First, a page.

You’d be forgiven for thinking Kings & Warlords was a Kabam game at first glance, since its structure, interface and indeed gameplay is almost identical to Kabam’s popular Facebook and mobile titles. Thematically, it is closest to Kingdoms of Camelot, with the action unfolding in a medieval fantasy world and the player training various types of troop with which to defend their kingdom.
As with many other examples of this type of game, it begins with a rather rushed tutorial that quickly ushers the player through the basics of attacking enemy territories, building items in their home kingdom and managing quests. The tutorial doesn’t really stop to explain anything it is showing the player in great detail, and it is of the breed that refuses to allow the player to click on anything else until they have done exactly what they have been told. Once the tutorial is complete, the player is given a little more freedom to do as they please, but they are still heavily encouraged in the direction of a sequence of tedious, simplistic quests that, again, don’t really explain why the player is being asked to do these things.
As with Kabam’s titles, Kings & Warlords is split into two main components — building up a kingdom and attacking other territories. While building the kingdom, players are able to research new technologies, train troops and build things at the same time, but only one of each action may be performed at once. Various buildings improve the player’s income of various resources or allow them a higher cap on troops or items, and most activities take a period of real time to complete. As always, these delays may be bypassed with hard currency or with special items that are occasionally provided as rewards.
Meanwhile, attacking other territories is done on an overview map of the game world, which is divided into tiles. Clicking on a tile allows the player to retrieve information about it, though detailed information on enemy forces may only be acquired through the use of spy units. If the player desires, they may attack and capture a tile in an attempt to add it to their territory. If this option is chosen, the player selects the number of troops they wish to send to the battle, select a basic strategy to follow in the battle and apply special “charms” to give bonuses to the troops’ abilities. Any “heroes” the player has on staff may also be sent to lead the charge, providing an advantage. It then takes a period of real time for the army to march to the battle — though again, this delay may be bypassed with hard currency. Once the army reaches its destination, the player is given a report on the battle, including a round-by-round playback of what happened at each stage. If they win, they capture the territory and its corresponding bonuses; if they lose, the troops sent into the fray are lost.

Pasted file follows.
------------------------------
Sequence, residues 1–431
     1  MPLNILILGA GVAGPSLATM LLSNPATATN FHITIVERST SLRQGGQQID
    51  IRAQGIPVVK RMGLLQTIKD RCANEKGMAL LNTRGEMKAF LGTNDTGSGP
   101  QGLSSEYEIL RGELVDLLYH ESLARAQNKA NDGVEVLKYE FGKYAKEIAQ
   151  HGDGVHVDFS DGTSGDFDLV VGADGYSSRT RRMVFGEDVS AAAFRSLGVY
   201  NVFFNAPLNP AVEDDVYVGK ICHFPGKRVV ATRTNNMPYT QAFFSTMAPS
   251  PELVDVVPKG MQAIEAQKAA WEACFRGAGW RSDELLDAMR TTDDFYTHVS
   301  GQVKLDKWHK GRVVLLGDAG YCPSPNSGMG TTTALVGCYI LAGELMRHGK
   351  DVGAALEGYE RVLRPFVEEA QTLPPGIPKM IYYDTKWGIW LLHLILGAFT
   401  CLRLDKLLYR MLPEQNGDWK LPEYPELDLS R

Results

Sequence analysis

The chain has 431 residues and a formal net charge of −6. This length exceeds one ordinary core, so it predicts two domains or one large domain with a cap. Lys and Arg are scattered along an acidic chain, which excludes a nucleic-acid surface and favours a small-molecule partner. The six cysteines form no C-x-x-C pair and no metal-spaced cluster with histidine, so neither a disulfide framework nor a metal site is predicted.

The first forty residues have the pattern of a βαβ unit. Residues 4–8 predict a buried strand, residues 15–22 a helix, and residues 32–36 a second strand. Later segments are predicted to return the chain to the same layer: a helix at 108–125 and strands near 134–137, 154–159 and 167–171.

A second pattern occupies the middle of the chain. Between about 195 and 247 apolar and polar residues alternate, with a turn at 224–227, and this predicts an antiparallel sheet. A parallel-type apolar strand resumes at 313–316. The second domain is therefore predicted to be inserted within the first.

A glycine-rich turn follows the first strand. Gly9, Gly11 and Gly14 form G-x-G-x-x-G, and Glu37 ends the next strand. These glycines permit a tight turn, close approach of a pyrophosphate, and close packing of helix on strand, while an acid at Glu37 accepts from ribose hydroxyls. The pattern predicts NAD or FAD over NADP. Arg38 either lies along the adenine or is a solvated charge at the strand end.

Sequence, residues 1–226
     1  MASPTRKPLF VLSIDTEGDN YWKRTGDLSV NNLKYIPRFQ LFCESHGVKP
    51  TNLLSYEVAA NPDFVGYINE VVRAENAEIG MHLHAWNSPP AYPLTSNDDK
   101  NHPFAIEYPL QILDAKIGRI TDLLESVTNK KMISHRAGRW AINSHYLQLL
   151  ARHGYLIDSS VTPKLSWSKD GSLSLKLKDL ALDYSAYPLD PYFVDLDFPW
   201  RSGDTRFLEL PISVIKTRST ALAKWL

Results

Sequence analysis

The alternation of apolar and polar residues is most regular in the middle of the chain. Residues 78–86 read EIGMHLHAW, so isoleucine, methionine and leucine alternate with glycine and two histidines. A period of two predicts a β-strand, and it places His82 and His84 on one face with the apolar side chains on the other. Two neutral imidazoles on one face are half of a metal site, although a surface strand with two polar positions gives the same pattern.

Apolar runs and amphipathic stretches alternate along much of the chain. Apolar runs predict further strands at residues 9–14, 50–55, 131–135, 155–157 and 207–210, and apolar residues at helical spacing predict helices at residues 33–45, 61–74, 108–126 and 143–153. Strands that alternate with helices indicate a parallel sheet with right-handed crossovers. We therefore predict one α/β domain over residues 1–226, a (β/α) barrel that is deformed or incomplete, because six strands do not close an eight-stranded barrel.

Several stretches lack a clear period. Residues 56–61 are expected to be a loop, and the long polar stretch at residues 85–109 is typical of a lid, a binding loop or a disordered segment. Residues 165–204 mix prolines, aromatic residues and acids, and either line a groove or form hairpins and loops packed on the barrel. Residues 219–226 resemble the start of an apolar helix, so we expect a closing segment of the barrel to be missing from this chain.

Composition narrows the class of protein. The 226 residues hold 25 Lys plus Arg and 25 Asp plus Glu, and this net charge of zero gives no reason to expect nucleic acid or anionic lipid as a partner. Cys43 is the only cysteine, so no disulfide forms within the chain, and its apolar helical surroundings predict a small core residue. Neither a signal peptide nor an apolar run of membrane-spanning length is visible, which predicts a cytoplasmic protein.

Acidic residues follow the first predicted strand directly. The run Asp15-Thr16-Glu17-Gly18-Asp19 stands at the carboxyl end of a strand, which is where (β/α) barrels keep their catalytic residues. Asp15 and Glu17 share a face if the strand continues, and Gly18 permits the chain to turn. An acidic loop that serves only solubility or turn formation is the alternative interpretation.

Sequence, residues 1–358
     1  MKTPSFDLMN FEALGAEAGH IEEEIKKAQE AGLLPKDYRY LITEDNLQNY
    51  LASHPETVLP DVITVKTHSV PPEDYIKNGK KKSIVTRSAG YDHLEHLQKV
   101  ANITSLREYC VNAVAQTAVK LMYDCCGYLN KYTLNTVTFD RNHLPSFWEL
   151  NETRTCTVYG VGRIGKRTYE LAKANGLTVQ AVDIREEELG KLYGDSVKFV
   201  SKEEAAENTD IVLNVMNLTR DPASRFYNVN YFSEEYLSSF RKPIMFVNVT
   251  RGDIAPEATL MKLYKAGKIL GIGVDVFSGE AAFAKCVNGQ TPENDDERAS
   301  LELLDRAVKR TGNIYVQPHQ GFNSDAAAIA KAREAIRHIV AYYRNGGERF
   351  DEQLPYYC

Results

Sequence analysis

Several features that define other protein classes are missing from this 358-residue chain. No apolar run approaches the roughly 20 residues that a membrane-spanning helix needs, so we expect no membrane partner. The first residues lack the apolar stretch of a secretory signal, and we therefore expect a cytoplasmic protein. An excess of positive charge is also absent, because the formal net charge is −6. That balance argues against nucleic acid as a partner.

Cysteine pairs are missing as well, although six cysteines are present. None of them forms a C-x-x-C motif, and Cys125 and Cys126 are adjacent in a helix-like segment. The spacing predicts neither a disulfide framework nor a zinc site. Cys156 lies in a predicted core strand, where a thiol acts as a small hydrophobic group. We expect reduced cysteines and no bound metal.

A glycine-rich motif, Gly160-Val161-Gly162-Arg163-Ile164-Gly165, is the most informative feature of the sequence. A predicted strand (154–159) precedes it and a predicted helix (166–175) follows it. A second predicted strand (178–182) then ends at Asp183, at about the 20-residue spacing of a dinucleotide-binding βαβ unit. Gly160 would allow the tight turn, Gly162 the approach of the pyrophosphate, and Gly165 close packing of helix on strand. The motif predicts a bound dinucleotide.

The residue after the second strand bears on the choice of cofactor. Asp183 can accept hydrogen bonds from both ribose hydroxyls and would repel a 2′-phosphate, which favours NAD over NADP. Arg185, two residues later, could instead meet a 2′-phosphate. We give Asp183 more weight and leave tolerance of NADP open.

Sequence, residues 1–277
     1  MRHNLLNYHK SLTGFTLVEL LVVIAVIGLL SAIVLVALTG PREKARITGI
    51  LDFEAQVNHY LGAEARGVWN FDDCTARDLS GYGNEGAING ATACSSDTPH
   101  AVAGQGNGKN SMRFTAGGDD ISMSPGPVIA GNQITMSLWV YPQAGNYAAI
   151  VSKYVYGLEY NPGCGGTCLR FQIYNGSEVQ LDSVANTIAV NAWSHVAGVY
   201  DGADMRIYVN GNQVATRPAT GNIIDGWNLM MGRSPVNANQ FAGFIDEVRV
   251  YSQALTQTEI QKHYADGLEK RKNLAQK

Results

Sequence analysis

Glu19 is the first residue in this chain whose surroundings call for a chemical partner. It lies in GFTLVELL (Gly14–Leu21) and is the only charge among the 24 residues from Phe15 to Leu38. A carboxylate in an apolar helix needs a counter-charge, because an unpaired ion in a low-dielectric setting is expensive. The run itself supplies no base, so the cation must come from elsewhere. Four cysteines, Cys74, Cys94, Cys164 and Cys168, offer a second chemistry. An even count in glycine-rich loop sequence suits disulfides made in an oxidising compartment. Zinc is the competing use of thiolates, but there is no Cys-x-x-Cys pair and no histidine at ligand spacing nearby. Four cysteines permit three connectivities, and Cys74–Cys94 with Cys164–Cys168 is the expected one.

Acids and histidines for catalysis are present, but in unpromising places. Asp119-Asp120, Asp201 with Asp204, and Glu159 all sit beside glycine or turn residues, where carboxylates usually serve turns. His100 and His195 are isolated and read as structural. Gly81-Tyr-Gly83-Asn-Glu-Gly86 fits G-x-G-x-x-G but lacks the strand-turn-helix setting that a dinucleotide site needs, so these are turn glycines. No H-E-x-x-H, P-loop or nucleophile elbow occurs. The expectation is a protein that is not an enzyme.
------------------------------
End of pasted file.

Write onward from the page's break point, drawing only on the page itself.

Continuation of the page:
Play then continues with players working their way through quests, battling against computer-controlled opponents and eventually other players for control of the map. Like Kabam’s titles, the game incorporates real-time chat and alliance facilities, allowing players to team up with one another against common foes.
The “Kings and Warlords” aspect of the game’s title comes into play with the quests available. “King” quests are focused on building up the kingdom; “Warlord” quests are focused on going out into the field and battling enemies. The player is encouraged to do both things by a meter which fills with completed quests in each category; filling the meter provides the player with rewards.
Ultimately, Kings & Warlords isn’t a bad game, it just doesn’t really do anything new. This sort of game is generally a niche interest anyway due to its incredibly slow pacing, time-consuming nature and lack of visual pizzazz, and thus Digital Chocolate may find it difficult to draw users away from Kabam’s more well-established and successful entries in this genre. It’s one to watch for now, then, and perhaps check back on in the future if the developers decide to add any new features to particularly distinguish it from the titles it is imitating.